4. Grow and develop your professional maturity. The same way that we develop and mature from adolescence, we also have to develop and mature as professionals. This requires a level of doing and thinking beyond oneself. Early in my career, I cared more about my individual wants and needs. I was a great individual contributor. It wasn’t until I had to manage my first team that I recognized I can’t operate for myself. That means the decisions I make have to always be in the best interest of others. It also means that the decisions I make must always be in the best interest of the company. Professional maturity is essential if you plan to be a leader. That maturity will assist in more difficult areas of leadership such as developing people, executing unpopular decisions or considering best utilization of business resources.

5. Celebrate small victories. You don’t have to wait for the highest accomplishments in order to celebrate and recognize achievements. When working on new model development, it takes time to see all of the team’s hard work come to fruition. I learned to take pride in even the small milestones. The first time I saw new parts come into the building I was ecstatic. It may not have been a full car, but I knew it was a victory and worth recognizing as a win. The small wins help to keep you and your teams motivated along the way.

You are a person of enormous influence. If you could inspire a movement that would bring the most amount of good to the most amount of people, what would that be? You never know what your idea can trigger. 🙂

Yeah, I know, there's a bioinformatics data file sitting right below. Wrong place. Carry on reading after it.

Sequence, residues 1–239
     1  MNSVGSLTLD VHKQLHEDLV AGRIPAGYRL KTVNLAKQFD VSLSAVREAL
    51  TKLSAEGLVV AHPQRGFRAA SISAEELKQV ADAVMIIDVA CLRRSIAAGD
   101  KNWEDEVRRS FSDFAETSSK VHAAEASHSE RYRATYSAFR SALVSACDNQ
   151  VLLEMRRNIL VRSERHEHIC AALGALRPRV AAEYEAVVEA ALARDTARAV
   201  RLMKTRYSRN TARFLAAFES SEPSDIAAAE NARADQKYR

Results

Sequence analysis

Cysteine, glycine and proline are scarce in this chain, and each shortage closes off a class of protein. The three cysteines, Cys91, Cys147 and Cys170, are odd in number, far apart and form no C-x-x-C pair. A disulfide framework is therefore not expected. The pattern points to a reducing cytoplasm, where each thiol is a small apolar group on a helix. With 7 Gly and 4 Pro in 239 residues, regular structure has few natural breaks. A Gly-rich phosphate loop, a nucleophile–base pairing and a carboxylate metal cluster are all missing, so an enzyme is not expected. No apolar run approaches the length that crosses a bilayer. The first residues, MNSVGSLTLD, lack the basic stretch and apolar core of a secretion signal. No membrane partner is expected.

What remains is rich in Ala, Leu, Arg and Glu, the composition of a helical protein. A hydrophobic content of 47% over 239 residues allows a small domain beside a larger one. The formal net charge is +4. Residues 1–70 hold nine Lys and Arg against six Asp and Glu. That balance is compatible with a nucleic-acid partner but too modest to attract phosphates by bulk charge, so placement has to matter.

If I could inspire a movement, it would be to simply give back to others. Giving back can be done in many ways — volunteering, mentoring, donating to good causes, or small acts of kindness. If every person took the time to give back it would make a significant impact on the world. There’s a lot we can do to connect and share good through social media. These platforms are great for getting the word out and can help increase the effectiveness of a movement.

Can you please give us your favorite “Life Lesson Quote”? Can you share how that was relevant to you in your life?

My parents have instilled a lot of life lessons, but one quote I heard often as a young adult was “always keep your head on a swivel.” This simply means to be aware at all times of what is going on around you. I think about this in almost every context of my life. From a safety perspective, being aware of my surroundings when out late at night. In the workplace it’s being aware of what is coming my way and anticipating the unexpected. I think this is why I’m a planner. I plan for the plan because I’m always thinking about what’s next.

Is there a person in the world, or in the US with whom you would like to have a private breakfast or lunch with, and why? He or she might just see this, especially if we tag them. 🙂

Beyonce. I’m a huge fan. She’s a hard worker and I am always impressed by how dedicated she is to her craft. As a successful business woman, she also gives back to the community and uses her platform to advocate for social justice. In addition, she’s a wife and mother (both of which I can identify with). I would like to know how she stays motivated and pushes through adversity all while seemingly making it look flawless (shout to her song, ha).

How can our readers follow you on social media?

You can connect with me on LinkedIn @Karen Tarver.

This was very meaningful, thank you so much. We wish you only continued success on your great work!